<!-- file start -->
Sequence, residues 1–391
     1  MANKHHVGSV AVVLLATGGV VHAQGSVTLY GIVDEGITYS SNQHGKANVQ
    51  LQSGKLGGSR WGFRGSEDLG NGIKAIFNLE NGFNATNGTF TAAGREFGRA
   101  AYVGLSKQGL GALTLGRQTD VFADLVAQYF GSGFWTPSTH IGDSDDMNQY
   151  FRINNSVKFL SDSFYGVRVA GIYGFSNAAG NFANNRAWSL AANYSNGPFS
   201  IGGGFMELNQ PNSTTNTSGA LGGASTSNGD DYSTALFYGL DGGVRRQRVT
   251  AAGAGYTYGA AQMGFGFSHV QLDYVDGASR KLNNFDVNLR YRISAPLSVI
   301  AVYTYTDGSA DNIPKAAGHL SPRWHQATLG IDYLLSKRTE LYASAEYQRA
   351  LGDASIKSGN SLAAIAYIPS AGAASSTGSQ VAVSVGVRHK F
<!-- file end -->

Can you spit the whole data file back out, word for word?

Sequence, residues 1–391
     1  MANKHHVGSV AVVLLATGGV VHAQGSVTLY GIVDEGITYS SNQHGKANVQ
    51  LQSGKLGGSR WGFRGSEDLG NGIKAIFNLE NGFNATNGTF TAAGREFGRA
   101  AYVGLSKQGL GALTLGRQTD VFADLVAQYF GSGFWTPSTH IGDSDDMNQY
   151  FRINNSVKFL SDSFYGVRVA GIYGFSNAAG NFANNRAWSL AANYSNGPFS
   201  IGGGFMELNQ PNSTTNTSGA LGGASTSNGD DYSTALFYGL DGGVRRQRVT
   251  AAGAGYTYGA AQMGFGFSHV QLDYVDGASR KLNNFDVNLR YRISAPLSVI
   301  AVYTYTDGSA DNIPKAAGHL SPRWHQATLG IDYLLSKRTE LYASAEYQRA
   351  LGDASIKSGN SLAAIAYIPS AGAASSTGSQ VAVSVGVRHK F